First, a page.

We report the discovery of a Narrow Line QSO located at about 1.3' from the Broad Line Radio Galaxy 3C445. The source,1WGA J2223. Read More

Over the past five years evidence has mounted that long-duration (> 2 s) gamma-ray bursts (GRBs)--the most brilliant of all astronomical explosions--signal the collapse of massive stars in our Universe. This evidence was originally based on the probable association of one unusual GRB with a supernova, but now includes the association of GRBs with regions of massive star formation in distant galaxies, the appearance of supernova-like 'bumps' in the optical afterglow light curves of several bursts and lines of freshly synthesized elements in the spectra of a few X-ray afterglows. These observations support, but do not yet conclusively demonstrate, the idea that long-duration GRBs are associated with the deaths of massive stars, presumably arising from core collapse. Read More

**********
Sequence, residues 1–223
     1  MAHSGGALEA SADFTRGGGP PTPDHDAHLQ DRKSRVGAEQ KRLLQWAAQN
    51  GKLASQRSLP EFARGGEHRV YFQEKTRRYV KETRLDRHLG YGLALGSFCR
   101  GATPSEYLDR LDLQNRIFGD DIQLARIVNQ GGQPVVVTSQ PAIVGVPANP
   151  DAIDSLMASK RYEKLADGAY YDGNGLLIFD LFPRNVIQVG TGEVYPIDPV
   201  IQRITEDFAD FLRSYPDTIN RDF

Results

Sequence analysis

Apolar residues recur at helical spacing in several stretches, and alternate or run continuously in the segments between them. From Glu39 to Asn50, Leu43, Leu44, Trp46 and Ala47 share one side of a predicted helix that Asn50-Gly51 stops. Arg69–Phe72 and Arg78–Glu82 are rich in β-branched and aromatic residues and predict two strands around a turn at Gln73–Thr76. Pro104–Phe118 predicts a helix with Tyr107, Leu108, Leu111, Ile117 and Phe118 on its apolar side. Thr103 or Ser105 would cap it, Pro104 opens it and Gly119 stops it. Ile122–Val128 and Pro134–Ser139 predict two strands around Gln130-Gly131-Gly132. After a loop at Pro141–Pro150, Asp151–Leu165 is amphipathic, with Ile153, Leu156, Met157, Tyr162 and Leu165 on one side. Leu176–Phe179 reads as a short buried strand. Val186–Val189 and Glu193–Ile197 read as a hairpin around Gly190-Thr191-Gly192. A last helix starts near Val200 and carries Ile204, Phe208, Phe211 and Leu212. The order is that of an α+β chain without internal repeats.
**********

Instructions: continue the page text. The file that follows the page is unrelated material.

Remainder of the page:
2002Jan
Authors: Nicola Masetti1
Affiliations: 1on behalf of the GRACE - Gamma-Ray Afterglow Collaboration at ESO
Category: Astrophysics

In October 1997, the Italian and Dutch GRB teams started a collaboration on ESO optical follow-up of rapidly and accurately localized GRBs. Subsequently, starting April 1, 2000, this collaboration was extended to astronomers from other countries, who contributed their expertise for the creation of a Consortium committed to the study of GRB counterparts and host galaxies at optical and near-infrared wavelengths. The collaboration aims at the joint exploitation of the observations taken within an ESO Large Programme approved for the two-year period April 1, 2000 - March 31, 2002. Read More

2001Nov
Authors: Nicola Masetti1
Affiliations: 1Istituto TeSRE/CNR, Bologna, Italy
Category: Astrophysics

An apparent sudden change in the outburst recurrence time displayed by the Rapid Burster occurred around the end of 1999. The time between consecutive outbursts shrinked from ~200 to ~100 days somewhere between November 1999 and March 2000. In parallel, the average peak intensity also decreased of a factor about 2 in all outbursts occurred after November 1999 with respect to those occurred before this date. Read More